To retrieve the class as a KClass object all you have to do is:

val classobj=MyClass::class

What you do next is to access any of the class details you care to, using the methods and properties of the classobj.

For example suppose MyClass is:

class MyClass{
    fun myMethod1(){}
    fun myMethod2(){}
}

Then you can discover what member functions the class has using:

val classobj=MyClass::class
for(m in classobj.declaredMemberFunctions){
  println(m.name)
}

This lists the methods by name. Methods and functions in general are represented by KCallable objects.

You can do some things you might not expect to be able to do in a statically typed language like Kotlin (or Java).

For example, once you have the KClass object you can create an instance:

var myObject=classobj.createInstance()

and you can call methods on that instance:

myObject.myMethod1()

You can even call a method that you have obtained by reflection. The only thing you need to remember is that you have to supply the parameters correctly and the first parameter is this i.e. the call context or receiver.

For example:

for(m in classobj.declaredMemberFunctions){
        println(m.name)
        m.call(myObject)
    }

The this that you pass has to be the correct type of object.

You can also get a KClass object from an instance of the class:

val c=myObject::class

Properties can also be manipulated and in this case the objects you need to look up are the KProperty and KMutableProperty classes.

We have already seen the use of the :: operator to get a reference to a function. It can also be used to get a reference to a bound method.

For example:

val myFunction=::myObject.myMethod

stores a reference to myMethod bound to myObject. Now when you call myFunction() it calls myMethod with this set to myObject.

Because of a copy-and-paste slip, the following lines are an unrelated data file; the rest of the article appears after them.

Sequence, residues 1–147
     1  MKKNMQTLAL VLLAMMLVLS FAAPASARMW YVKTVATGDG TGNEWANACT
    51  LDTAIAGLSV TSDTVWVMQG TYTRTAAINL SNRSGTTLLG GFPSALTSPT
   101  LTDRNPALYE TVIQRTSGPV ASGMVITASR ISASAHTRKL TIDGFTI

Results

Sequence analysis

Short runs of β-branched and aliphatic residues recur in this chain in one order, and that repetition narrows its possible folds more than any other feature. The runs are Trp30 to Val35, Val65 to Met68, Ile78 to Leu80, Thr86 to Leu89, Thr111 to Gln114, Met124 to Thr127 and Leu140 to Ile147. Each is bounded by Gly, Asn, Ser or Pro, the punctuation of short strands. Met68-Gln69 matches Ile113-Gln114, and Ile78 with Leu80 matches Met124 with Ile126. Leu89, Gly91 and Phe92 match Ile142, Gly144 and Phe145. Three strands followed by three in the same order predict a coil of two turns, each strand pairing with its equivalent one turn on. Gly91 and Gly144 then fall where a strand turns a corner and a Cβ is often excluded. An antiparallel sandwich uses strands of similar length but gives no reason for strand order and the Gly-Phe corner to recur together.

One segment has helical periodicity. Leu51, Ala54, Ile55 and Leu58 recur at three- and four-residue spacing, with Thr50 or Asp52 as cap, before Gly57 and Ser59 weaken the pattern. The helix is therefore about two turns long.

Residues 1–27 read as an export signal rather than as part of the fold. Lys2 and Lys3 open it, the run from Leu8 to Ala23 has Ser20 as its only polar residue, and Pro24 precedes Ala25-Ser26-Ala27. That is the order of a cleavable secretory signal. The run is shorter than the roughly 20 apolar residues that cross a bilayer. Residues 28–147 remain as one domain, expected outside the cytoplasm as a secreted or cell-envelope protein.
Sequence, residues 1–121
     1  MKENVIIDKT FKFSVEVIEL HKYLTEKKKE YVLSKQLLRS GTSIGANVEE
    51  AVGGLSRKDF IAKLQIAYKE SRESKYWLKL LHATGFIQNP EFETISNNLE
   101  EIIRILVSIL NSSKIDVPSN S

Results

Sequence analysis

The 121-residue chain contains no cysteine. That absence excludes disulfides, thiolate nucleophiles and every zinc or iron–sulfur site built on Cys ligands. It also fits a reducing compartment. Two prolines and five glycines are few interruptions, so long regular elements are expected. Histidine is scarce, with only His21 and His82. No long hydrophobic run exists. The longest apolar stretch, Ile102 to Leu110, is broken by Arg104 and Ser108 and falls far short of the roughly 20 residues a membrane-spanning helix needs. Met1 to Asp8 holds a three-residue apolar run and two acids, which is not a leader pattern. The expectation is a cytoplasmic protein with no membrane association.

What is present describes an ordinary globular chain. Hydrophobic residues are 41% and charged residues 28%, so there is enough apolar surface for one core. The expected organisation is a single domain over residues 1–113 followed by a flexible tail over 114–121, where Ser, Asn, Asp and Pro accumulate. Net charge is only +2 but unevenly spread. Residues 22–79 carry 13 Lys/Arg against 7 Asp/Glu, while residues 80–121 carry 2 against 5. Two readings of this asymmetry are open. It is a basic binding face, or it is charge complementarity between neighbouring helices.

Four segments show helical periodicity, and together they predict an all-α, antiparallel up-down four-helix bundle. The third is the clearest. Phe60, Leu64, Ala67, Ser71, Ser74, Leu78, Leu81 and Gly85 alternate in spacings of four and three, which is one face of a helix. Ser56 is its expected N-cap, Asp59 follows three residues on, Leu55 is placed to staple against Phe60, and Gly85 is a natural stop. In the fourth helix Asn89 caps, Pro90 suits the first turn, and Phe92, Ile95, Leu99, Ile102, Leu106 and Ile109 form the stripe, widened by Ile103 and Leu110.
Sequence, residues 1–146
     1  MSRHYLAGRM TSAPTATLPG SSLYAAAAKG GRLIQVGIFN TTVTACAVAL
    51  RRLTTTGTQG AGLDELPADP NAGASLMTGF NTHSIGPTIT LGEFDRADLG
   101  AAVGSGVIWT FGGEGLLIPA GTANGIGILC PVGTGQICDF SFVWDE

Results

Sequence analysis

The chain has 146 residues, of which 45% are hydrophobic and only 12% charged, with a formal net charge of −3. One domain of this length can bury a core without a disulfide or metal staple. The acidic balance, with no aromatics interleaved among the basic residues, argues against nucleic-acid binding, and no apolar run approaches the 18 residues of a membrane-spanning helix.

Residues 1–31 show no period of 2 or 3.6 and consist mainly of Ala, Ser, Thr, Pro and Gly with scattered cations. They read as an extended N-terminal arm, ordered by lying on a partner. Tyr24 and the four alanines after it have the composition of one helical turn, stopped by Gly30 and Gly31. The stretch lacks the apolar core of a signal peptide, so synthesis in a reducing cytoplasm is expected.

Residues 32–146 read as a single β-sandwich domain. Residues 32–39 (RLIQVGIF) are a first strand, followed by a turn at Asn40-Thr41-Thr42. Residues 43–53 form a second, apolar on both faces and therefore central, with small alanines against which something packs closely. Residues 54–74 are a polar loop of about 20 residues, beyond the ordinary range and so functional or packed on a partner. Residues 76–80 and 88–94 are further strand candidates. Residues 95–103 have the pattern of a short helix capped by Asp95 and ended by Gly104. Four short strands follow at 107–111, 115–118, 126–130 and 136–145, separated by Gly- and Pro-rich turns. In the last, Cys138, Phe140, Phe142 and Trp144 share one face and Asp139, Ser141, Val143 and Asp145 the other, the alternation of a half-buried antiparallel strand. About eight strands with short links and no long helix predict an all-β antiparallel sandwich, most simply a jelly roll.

You can also gain access to the Java reflection methods using the Kotlin KClass java property.

When you first meet reflection it seems to give you great power, but with great power come great bugs.

Use reflection sparingly if at all. Most of the difficulty is finding the method or property of the reflection classes that provides what you need. It may be obvious but it is worth saying that you cannot use reflection to change the definition of a class. You cannot add methods or properties at runtime. You can only inquire about and make use of members that were added at compile time.

kotlinlogo

Custom Annotations

Now that we have covered some aspects of reflection we can deal more easily with custom annotations.

It is very easy to create a custom annotation. All you need to is create a class with the modifier annotation:

annotation  class MyAnnotation

Now you have an annotation ready to use:

@MyAnnotation class MyClass{...}

All you can really do with such a simple annotation class is to check to see if some entity has the annotation at runtime using reflection.

For example the KClass object has an annotations property that returns a list of annotations:

val myClassObject = MyClass::class
for (a in myClassObject.annotations) {
      println(a.annotationClass.simpleName)
}

This just prints MyAnnotation.

The only complication is that an annotation can be attached to a class or any member of a class/object. You have to use reflection to retrieve an object that represents that entity, and then use annotations to retrieve its annotations.

If you just want to check that a single type of annotation has been applied then you can use findAnnotation which returns any annotation object of the specified type or null if none exist:

val myAnnotationObject=
   myClassObject.findAnnotation<MyAnnotation>()

Notice that as a nullable type you have to continue to check for null in the returned value, e.g.:

println(myAnnotationObject?.annotationClass
                                     ?.simpleName)

As well as simple bare annotations you can also include some data as Annotation classes can have a primary constructor.

For example, you might want to record the name of the programmer who created the entity:

annotation class MyAnnotation(
             val programmerName:String="Unknown")

By providing a default value, the user of the annotation doesn't have to supply the information: